What is even more interesting is that as FSR improves over the years, the in-game implementation might get much simpler for game developers.
In fact, the implementation process is already quite simple as there are some reports that a developer was able to add FSR into their game in just a few hours. If it really is that simple. Hundreds of games could support this feature in a short time span.
Additionally, some big game studios are now partnered with AMD to work on FSR including Frostbite, Warner Bros, Valve, Ubisoft, Hello Games, Capcom, Gearbox Software, and many more.
Updated list of FSR supported video games:
|Anno 1800||22 June 2021|
|Godfall||22 June 2021|
|22 Racing Games||22 June 2021|
|Kingshunt||22 June 2021|
|Terminator: Resistance||22 June 2021|
|Edge of Eternity||22 June 2021|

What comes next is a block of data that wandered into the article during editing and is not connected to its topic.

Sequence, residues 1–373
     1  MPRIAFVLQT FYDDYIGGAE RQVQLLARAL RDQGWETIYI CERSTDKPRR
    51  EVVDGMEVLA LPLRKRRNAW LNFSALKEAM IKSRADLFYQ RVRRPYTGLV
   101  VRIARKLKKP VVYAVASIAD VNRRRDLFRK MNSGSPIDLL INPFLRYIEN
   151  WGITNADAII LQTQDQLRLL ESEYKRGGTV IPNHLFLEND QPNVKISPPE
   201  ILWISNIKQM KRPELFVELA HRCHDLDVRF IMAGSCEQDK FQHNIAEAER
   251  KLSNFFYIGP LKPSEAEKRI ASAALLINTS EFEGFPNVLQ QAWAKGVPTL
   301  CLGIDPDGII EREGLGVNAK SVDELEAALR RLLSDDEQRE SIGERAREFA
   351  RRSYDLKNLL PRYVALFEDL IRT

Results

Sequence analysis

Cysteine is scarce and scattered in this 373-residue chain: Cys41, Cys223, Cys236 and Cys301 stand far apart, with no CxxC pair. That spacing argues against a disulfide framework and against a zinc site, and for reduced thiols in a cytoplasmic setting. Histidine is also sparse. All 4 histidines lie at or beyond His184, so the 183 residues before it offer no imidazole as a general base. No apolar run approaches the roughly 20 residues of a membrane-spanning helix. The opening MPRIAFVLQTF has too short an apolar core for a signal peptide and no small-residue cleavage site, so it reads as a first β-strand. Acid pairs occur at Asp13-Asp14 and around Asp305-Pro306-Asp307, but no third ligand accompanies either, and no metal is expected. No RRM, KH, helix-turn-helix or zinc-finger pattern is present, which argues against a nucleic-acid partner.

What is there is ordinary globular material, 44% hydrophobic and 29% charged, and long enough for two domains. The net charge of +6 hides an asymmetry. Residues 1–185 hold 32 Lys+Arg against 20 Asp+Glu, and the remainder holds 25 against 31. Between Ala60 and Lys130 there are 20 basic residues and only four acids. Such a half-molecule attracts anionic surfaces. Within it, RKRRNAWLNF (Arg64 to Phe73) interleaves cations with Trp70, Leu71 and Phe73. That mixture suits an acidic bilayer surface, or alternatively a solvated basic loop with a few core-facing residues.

|The Riftbreaker||22 June 2021|
|Dota 2||23 June 2021|
|Arcadegeddon||16 July 2021|
|Marvel’s Avengers||17 July 2021|
|Necromunda: Hired Gun||17 July 2021|
|Resident Evil Village||19 July 2021|
|Chernobylite||28 July 2021|
|Elite Dangerous||29 July 2021|
|Black Desert Online||23 August 2021|
|Myst||26 August 2021|
FSR Quality Levels
During the Computex event of 2021, we got a glimpse of what FidelityFX Super Resolution can do.
We know that these types of examples are always best-case scenarios picked by the company, but it’s still impressive from what we’ve seen.
Within the presentation, AMD explained that FSR offers 4 types of quality: Ultra, Quality, Balanced, and Performance.
Every level of quality processes the images at a different resolution. For example, the Performance level halves your output resolution. So, if you are running a game at 4K, specifically 3840 x 2160p, with FSR Performance enabled, you will be realistically running at 1920 x 1080p.
Keep in mind, this is half the resolution, but a quarter of the pixels.
Quality uses two thirds of your ouptut resolution. So, at 4K, that would be 2560×1440.